An additional one in six favors slapping a 50 percent tax on bonuses exceeding $400,000. Just 7 percent of U.S. adults say bonuses are an appropriate incentive reflecting Wall Street’s return to financial health.

A large majority also want to tax Wall Street profits to reduce the federal budget deficit. A levy on financial services firms is the top choice among more than a dozen deficit-cutting options presented to respondents.

With U.S. unemployment at 9.8 percent, resentment of bonuses and banking profits unites Americans across political, gender, age and income groups. Among Republicans, who generally are skeptical of business regulation, 76 percent support a government ban on big bonuses to bailout recipients, that’s higher than backing among Democrats or independents.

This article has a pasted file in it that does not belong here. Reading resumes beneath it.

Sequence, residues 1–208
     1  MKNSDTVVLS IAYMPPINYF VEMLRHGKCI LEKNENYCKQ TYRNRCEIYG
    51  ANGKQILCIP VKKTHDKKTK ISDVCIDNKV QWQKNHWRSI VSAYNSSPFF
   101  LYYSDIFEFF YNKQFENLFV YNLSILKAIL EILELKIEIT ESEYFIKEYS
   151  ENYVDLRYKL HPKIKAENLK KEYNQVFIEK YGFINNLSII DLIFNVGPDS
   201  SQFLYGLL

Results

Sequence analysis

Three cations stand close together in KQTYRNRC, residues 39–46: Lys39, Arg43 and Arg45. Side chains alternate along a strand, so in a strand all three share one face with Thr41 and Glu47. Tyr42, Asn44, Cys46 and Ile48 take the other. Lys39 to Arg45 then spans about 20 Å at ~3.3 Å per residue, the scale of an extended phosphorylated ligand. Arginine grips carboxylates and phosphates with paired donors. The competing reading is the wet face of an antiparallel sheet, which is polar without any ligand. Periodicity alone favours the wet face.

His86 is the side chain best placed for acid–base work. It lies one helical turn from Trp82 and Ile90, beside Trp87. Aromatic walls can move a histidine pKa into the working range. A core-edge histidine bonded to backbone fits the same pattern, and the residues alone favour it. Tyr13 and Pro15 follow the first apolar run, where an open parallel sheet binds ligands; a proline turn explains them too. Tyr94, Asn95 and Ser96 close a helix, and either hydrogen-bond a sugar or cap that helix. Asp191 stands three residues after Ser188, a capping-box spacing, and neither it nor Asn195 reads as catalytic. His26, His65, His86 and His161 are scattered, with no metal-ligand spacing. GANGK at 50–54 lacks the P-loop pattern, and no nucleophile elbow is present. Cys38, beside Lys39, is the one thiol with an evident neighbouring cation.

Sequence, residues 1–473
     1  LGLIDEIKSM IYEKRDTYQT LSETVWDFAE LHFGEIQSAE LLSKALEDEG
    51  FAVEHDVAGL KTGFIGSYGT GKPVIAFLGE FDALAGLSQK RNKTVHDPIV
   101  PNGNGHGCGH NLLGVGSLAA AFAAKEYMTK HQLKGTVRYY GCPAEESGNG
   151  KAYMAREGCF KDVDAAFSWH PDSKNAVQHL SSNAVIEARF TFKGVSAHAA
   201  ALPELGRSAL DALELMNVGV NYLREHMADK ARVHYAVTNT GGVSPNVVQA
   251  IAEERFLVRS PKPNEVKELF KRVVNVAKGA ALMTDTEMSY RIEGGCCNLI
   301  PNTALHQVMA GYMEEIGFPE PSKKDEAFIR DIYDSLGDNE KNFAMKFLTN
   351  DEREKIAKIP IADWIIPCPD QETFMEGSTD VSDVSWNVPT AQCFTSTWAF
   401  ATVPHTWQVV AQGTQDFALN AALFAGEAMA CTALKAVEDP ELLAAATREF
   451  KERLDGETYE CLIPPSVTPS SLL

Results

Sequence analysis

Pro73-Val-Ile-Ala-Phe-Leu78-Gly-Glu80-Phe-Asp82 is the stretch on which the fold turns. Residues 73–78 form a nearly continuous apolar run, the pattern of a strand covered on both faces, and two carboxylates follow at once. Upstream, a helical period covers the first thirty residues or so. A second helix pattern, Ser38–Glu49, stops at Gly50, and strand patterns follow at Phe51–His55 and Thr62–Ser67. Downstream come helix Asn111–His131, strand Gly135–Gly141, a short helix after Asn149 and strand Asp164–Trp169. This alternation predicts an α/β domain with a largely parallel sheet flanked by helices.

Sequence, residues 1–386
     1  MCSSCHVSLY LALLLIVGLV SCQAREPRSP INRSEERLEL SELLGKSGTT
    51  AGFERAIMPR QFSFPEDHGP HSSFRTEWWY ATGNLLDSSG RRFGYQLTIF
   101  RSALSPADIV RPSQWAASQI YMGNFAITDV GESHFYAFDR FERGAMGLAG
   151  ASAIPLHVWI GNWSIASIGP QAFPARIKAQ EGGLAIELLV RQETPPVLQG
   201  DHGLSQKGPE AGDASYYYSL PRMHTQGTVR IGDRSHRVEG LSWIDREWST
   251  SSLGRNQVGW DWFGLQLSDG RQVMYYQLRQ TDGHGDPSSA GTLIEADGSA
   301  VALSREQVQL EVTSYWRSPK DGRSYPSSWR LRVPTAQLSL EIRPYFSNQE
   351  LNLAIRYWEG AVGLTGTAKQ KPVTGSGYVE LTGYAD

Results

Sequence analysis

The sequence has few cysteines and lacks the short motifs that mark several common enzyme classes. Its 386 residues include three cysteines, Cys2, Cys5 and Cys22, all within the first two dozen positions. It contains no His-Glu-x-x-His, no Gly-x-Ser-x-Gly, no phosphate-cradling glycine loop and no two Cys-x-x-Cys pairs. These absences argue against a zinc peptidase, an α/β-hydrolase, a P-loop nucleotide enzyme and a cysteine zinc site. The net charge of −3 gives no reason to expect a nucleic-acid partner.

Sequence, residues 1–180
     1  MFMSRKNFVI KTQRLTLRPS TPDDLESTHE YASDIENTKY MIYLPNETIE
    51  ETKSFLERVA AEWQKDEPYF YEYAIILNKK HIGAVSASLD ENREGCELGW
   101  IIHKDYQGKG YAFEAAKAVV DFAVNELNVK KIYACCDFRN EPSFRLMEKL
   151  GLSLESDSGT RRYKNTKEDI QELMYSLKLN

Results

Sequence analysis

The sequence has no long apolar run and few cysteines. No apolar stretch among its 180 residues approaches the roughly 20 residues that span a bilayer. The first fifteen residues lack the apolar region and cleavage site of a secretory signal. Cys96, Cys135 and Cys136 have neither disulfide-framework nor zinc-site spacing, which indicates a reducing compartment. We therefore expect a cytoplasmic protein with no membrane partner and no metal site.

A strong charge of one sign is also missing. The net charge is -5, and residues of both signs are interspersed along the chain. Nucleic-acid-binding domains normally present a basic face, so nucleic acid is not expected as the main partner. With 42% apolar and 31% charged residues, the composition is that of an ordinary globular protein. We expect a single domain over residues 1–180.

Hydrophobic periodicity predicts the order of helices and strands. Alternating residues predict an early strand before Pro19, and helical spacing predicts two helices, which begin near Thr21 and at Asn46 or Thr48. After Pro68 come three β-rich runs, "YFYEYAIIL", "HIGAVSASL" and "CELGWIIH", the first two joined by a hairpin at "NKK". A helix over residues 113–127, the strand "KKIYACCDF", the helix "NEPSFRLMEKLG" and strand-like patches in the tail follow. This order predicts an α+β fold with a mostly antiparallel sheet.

JPMorgan Chase & Co. Chairman and Chief Executive Officer Jamie Dimon got a bonus package for 2009 valued at $17 million and Goldman Sachs Group Inc.’s Chairman and CEO Lloyd Blankfein received a $9 million all-stock bonus for last year, down from his Wall Street record $67.9 million in 2007.

“The American people bailed them out and immediately they went and paid their employees very large bonuses,” says poll respondent Michael Robertson, 43, of Wayne, Michigan. “I don’t believe they should have a bonus at all for a while.”

Read the subtitles to get an interesting perspective on another battle in the class war that is gutting the American middle class:

Update: That Second Grader Who Keeps Taking Out His Penis During Class...